How the upcoming track removal at Memorial Stadium could make fans feel closer to the action on Saturdays
The prevailing thought with most KU football fans seems to be that the biggest reason the track needed to come out of Memorial Stadium was because the seats are too far away from the action.
While the idea of lowering the field and adding seats closer to the sideline remains very possible, such a step won't come for at least a couple of years.
KU athletic director Sheahon Zenger told me last week that he's still got the lowering the field option on his radar. But while architects are working up preliminary plans for a major renovation at Memorial Stadium down the road — so KU can be ready to strike when the money and momentum (perhaps in the opposite order) are in hand — nothing about the bigger project is set in stone at this point. Zenger and his staff continue to kick around ideas, examine other venues and talk to professionals about what's possible, what's not and how much all of their different ideas would cost.
We'll get to that in time. But for now, the track's coming out and it's happening tomorrow.
If you ask me, that's going to do a lot more for Memorial Stadium than I think most people may realize. Here's why.
What we've had at Memorial Stadium for the past several decades, in my opinion, is a bit of an optical illusion. Because of the different color of the track, the lines that divide the lanes within it and the extra layer of separation that can be seen from the stands, the seats feel and appear to be farther from the field than they actually are.
Because the issue of getting rid of the track has been kicked around for several years now, I've often thought about it while visiting other stadiums. I can't recall exactly what the distances are at each venue I've been to but I can assure you that the distance between the stands and the sideline at Memorial Stadium is in the same ballpark as many of those other stadiums.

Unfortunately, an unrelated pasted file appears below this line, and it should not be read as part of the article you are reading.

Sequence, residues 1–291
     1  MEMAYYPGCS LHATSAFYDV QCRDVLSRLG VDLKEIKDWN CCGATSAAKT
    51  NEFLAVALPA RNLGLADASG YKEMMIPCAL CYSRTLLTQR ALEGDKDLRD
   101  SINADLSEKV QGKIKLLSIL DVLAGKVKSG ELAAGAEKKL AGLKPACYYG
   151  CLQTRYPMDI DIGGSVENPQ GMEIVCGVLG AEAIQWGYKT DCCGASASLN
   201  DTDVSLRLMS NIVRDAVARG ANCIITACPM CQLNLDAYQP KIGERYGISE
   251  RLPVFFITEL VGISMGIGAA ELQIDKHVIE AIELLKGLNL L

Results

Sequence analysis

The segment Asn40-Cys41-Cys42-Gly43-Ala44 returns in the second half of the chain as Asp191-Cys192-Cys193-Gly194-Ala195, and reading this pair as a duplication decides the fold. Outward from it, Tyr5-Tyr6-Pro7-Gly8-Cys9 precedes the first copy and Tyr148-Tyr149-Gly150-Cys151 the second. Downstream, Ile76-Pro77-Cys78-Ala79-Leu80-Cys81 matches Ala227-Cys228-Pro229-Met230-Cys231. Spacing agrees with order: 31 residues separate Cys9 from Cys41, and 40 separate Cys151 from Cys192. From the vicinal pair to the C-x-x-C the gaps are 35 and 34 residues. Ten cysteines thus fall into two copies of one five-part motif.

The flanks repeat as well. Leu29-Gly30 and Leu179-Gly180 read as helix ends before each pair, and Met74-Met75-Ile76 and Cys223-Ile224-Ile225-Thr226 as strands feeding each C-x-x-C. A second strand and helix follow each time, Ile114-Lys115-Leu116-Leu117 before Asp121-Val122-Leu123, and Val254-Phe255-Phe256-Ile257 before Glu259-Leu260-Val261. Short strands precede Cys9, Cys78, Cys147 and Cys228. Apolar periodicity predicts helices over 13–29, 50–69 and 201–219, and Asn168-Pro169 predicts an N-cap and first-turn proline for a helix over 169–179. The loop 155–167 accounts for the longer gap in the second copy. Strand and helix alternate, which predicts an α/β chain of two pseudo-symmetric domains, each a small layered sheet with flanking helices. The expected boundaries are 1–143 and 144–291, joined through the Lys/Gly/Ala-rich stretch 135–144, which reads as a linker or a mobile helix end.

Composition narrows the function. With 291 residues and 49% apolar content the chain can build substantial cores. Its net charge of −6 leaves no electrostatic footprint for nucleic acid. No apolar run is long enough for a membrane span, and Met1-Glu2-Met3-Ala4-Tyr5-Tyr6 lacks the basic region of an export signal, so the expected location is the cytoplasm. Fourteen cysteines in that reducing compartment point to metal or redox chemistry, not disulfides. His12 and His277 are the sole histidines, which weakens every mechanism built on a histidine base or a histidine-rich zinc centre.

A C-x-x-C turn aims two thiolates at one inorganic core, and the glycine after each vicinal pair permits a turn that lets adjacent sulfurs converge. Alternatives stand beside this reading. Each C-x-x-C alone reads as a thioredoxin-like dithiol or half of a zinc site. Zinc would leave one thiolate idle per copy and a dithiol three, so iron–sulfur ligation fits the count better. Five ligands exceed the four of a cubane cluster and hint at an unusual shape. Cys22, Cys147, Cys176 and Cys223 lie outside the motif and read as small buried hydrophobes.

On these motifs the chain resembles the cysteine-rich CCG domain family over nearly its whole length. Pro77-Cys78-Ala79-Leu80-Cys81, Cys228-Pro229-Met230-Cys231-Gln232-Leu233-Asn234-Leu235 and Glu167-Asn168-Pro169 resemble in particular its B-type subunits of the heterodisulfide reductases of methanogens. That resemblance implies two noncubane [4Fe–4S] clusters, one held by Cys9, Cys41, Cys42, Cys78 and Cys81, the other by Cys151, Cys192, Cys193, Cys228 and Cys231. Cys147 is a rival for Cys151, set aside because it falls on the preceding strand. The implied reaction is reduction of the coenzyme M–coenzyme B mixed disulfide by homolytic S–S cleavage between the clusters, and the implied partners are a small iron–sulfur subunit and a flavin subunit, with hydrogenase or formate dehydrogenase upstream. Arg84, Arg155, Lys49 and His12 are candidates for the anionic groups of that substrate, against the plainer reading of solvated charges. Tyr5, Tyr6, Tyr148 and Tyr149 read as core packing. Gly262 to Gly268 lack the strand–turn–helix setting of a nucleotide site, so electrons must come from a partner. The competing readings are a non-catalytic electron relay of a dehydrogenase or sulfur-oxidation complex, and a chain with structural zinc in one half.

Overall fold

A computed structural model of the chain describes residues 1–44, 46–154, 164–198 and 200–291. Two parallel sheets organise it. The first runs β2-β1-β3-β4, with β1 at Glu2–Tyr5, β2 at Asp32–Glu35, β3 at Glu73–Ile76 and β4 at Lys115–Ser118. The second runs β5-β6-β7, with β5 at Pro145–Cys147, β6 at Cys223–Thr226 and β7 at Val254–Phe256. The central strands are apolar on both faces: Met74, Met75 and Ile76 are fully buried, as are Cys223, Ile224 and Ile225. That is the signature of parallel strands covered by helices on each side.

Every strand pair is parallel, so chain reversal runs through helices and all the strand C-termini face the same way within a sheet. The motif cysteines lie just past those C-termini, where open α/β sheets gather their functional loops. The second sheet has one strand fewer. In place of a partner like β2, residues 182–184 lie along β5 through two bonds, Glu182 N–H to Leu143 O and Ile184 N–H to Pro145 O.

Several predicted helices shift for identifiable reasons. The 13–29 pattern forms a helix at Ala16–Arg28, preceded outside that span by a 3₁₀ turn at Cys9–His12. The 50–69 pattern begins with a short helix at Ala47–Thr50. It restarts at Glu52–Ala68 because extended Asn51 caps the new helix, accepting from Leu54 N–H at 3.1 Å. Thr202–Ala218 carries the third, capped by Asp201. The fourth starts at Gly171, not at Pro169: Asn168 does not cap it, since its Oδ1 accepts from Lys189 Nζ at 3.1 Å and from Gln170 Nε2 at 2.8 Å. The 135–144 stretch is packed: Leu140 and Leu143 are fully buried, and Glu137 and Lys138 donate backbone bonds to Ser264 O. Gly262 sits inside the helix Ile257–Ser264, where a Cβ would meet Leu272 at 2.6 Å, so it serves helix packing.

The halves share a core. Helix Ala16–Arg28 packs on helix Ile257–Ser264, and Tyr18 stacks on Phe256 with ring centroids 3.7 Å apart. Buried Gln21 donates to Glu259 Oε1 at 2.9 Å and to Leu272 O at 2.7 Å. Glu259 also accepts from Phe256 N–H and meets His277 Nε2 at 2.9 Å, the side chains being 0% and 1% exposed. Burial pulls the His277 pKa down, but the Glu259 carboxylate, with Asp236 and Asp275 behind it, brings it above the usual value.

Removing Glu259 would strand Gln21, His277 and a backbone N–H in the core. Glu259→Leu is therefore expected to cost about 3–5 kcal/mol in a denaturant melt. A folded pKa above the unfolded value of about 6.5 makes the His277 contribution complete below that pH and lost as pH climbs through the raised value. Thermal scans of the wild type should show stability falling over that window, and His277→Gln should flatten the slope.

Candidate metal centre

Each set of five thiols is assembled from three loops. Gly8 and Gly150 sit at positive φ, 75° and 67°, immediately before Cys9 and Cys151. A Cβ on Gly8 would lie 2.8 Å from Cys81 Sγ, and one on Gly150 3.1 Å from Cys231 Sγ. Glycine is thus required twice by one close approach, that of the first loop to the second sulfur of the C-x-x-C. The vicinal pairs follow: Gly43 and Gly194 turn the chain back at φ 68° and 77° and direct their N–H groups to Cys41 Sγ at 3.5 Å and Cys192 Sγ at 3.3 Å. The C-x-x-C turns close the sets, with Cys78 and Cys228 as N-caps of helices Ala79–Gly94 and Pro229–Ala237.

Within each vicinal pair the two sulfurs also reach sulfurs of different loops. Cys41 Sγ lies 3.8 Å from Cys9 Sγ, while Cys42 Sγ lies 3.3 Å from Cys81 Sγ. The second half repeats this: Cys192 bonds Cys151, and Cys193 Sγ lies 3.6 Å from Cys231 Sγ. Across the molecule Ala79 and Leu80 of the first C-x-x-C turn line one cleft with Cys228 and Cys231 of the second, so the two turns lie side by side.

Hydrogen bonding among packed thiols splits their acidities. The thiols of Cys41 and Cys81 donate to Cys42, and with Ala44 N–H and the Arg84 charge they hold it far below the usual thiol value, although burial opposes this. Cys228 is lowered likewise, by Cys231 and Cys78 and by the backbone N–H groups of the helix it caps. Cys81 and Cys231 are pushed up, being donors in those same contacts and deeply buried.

Take K-State's Bill Snyder Family Stadium for example. The last time I was over there to cover a game, I paced it off. Again, I don't recall exactly what the distance was but I remember it being in the 48-50-foot range. If my steps were accurate, that would actually put the seats at K-State farther away from the field than what KU fans will enjoy during the upcoming season, when the 37 feet of turf that replace the track and 10 feet of drainage asphalt will create a distance of 47 feet from the sideline to the stands.
Only time will tell if this optical illusion really existed or if the vantage point changes dramatically (or even just a little) after the removal of the track is complete.
But here's guessing that in addition to looking much nicer and much more like a big-time college football venue, the fans in the stands also will feel like they're closer to the action after this project is complete six weeks from now without KU Athletics having to move so much as a single bolt in the Memorial Stadium bleachers.
What they do from here is anyone's guess, but I'm in total agreement with Zenger and KU coach Charlie Weis that this is a fantastic first step in remaking an old stadium in a fabulous setting.